Tracking the U.S. Government’s Response to #Occupy on Twitter

It’s no exaggeration to say that Occupy Wall Street first started on Twitter. As the New York Times reported Monday, the #occupywallstreet hashtag was conceived in July, a full two months before the first tent was pitched at Zuccotti Park.

As it grew from a single camp into a movement, Twitter was essential for getting real-time updates out as events unfolded, for both supporters and local government.

Particularly in the last month, some city officials have used Twitter as a tool to keep people informed. Even as they were dismantling camps, the mayors of New York City and Portland, Oregon were posting real-time updates and responding to citizens directly.

While city officials have actively communicated their positions, the response from the federal government has been muted, at best. The Occupy movement’s concerns are much larger than city politics, with most proposed demands requiring cooperation from Washington.

So far, official statements are isolated and infrequent — an early endorsement from the president, a couple of statements from the White House press secretary, and a range of opinions from individual members of Congress.

But maybe the situation’s different online? Twitter is much more casual and conversational, and social media-savvy federal agencies often respond directly to queries and complaints from their followers. It’s possible that federal employees are addressing questions and concerns about Occupy on Twitter instead.

I decided to find out.

Data Wrangling

I originally gathered this data to build the Federal Social Media Index, a weekly report that compares federal agencies using Twitter, which I’m happy to release today as part of my work at Expert Labs.

Starting with an index of over 450 U.S. government departments and agencies, I asked the anonymous workforce at Amazon Mechanical Turk to find official Twitter accounts for each one.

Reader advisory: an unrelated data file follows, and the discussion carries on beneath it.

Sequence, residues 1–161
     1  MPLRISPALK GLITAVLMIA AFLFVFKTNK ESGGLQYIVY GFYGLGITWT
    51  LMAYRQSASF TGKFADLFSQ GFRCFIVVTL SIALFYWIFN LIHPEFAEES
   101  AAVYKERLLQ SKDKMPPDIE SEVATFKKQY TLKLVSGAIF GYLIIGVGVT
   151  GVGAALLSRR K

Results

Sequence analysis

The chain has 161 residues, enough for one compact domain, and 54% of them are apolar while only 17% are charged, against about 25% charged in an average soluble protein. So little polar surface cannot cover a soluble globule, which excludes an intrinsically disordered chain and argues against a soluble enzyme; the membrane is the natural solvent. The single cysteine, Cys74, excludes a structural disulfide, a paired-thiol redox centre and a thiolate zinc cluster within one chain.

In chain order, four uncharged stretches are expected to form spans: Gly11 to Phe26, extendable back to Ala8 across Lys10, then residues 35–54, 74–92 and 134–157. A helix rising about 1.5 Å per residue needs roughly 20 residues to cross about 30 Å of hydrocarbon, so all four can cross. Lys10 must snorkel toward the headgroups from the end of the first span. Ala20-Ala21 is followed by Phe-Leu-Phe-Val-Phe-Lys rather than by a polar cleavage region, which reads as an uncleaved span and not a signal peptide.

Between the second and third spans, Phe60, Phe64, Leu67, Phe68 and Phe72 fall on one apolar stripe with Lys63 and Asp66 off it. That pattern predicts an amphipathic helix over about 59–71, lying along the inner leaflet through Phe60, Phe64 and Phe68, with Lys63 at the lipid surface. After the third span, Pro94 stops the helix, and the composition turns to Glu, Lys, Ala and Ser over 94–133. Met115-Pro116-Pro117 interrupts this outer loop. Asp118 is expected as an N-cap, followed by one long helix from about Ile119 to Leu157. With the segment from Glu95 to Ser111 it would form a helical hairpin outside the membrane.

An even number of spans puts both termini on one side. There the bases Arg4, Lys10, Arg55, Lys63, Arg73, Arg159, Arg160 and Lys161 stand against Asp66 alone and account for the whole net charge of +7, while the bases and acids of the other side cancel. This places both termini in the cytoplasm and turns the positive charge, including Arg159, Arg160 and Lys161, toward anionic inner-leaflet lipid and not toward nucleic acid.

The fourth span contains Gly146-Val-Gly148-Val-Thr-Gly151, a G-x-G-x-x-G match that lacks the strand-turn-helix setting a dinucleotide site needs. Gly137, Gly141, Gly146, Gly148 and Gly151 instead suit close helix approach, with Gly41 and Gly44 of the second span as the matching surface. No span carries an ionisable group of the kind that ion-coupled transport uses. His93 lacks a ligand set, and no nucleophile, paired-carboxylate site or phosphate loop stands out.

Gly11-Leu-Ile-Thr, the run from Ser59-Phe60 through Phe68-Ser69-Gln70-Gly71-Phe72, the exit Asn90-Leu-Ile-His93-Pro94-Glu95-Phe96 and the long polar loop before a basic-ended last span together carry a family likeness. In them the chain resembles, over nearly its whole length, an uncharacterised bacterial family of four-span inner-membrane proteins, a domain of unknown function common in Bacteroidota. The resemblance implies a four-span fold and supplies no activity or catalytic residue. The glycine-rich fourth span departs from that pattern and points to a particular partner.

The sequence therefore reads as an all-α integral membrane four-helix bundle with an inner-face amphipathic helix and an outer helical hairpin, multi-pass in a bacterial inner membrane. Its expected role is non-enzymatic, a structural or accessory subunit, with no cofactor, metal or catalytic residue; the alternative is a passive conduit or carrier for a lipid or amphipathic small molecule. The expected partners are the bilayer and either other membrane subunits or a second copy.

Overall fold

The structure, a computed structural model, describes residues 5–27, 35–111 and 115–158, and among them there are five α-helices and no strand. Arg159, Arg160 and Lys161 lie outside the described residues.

Three workers researched each agency, and I approved the ones they agreed on and hand-checked the rest.

When I was done, I had a list of 126 official Twitter accounts representing a wide swath of U.S. government, from the Secret Service to the Postal Service. (Browse them all on the Federal Social Media Index or in the spreadsheet below.)

To collect all the tweets, I used ThinkUp, a free, open-source tool for archiving and analyzing social-media activity on Twitter, Facebook, and Google+ that I work on at Expert Labs.

With this dataset, I could easily tell which federal agency is the most popular (NASA), the most prolific (the NEA), and the most likely to reply to you personally (the US Census Bureau).

It also makes it very easy to see who’s talking about Occupy, and who isn’t.

Occupy Silence

Since the Occupy protests started in mid-September, nearly 15,000 messages were posted by the 126 federal Twitter accounts.

Of those accounts, only three have mentioned the Occupy protests in any way — Voice of America, the Smithsonian, and the White House.

For those unfamiliar with it, VOA is a radio and television news network broadcasting in 100 countries in 59 languages, but banned from airing in the United States because of propaganda laws. As part of their daily news coverage, they’ve tweeted about Occupy nine times since the protests began. (Here’s the most recent.)

Second, the Smithsonian responded to a tweet by Complex Magazine, refuting rumors of an OWS-themed museum exhibit.

The only other mention of the Occupy protests: one tweet from the White House nearly two months ago.

Opening Up

The obvious reason for the silence is that the federal government doesn’t yet have a position on Occupy. If they haven’t issued a formal statement, blog post, or press conference, then why Tweet?

For starters, it’s a humane and natural way to open a dialogue with a generally forgiving audience. Some of these agencies have tens or hundreds of thousands of people who care about what they have to say, or they wouldn’t be following them.

Proactively talking about potentially challenging issues like Occupy is an opportunity to bring some humanity to government, and maybe even help shape policy.

(Note: This was originally published in my column in WIRED.)

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